Breastfeeding works on a supply and demand basis and the majority of women can and do make enough milk for their babies. Every woman’s body is unique, and while some women’s bodies make more milk than their babies need, others struggle to make enough. Milk supply is a complex topic and the information I give here may not meet everyone’s specific needs or fit every situation. I hope that if you are looking for information on how to increase your milk supply, this will get you pointed in the right direction so you can get the answers you need.
Breastfeeding normally (but not always!) works for mammals. One important key to making it work is to understand that making milk is a biological process that women’s bodies are designed to do after giving birth. In order to get set up for success in breastfeeding, the mother’s body expects certain things. It expects there to be a newborn suckling at the breast at least every few hours and removing milk. This frequent stimulation and emptying of the breasts in the early days of the baby’s life gets the mother’s body on the right track to bring in a full milk supply. If the baby cannot nurse right away for some reason, mothers who want to breastfeed need to begin expressing milk from their breasts, as often as a baby would normally feed, as soon as possible. The first few days of milk removal are very important in getting the mother’s hormones and breasts going and ready to breastfeed.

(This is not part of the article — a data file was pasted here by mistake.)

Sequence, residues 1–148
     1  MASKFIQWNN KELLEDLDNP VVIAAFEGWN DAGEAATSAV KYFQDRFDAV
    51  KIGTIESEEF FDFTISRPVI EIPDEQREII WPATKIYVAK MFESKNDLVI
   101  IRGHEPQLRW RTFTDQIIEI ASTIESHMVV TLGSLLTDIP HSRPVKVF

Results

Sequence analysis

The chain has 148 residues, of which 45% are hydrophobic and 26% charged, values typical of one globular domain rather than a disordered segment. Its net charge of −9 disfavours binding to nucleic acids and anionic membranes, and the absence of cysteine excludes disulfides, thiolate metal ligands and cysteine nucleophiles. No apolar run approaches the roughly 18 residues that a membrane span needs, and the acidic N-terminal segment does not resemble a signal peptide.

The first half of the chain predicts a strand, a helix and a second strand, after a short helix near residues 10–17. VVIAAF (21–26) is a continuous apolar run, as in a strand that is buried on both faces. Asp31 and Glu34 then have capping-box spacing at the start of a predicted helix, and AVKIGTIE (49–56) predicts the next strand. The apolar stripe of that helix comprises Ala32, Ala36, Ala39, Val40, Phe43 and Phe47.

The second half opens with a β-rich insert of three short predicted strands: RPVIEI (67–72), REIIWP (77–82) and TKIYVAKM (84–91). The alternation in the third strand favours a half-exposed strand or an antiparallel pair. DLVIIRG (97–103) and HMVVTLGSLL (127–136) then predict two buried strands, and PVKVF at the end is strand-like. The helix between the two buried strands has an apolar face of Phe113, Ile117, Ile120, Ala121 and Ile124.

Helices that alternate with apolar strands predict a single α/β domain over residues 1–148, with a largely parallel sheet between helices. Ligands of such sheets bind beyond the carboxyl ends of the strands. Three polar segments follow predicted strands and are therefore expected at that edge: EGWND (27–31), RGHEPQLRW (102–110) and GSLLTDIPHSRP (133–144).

If this ideal doesn’t happen, all is not necessarily lost, but it will often take more work to bring in a full milk supply if a mother hasn’t been nursing or pumping during the first few days of her baby’s life.
Sometimes mothers breastfeed on cue every few hours right from the beginning, and still don’t bring in a full milk supply. There can be many varied reasons for a low milk supply, and sometimes a reason is never found. Still, most mothers can at least increase their supply, even if they are never able to produce 100% of what their baby needs. Any amount of breast milk is beneficial for babies, so I encourage mothers to persevere with breastfeeding, even when exclusive breastfeeding isn’t going to be an option.
One thing to keep in mind is that many mothers think they have low milk supply when they actually don’t. It’s a good idea to check if the baby is getting enough milk before trying to increase supply.
There are quite a few risk factors that we know often seem to go along with low milk supply. Some of the main ones are (in no particular order):
- Rough start with breastfeeding in the first week
- Sore nipples
- Baby with a short frenulum (tongue-tie) or frenum (lip-tie)
- Baby with a disorganized sucking pattern
- Difficult birth
- Inverted nipples
- Having unusually shaped breasts
- Difficulty conceiving
- Being an older mother, particularly becoming a mother for the first time after 35
- Polycystic ovarian syndrome (PCOS)
- Hormonal imbalance - symptoms of this can (but don't always) include having lots of facial or chest hair, balding, acne
- Losing a lot of blood during the birth (especially if it was enough to require a transfusion)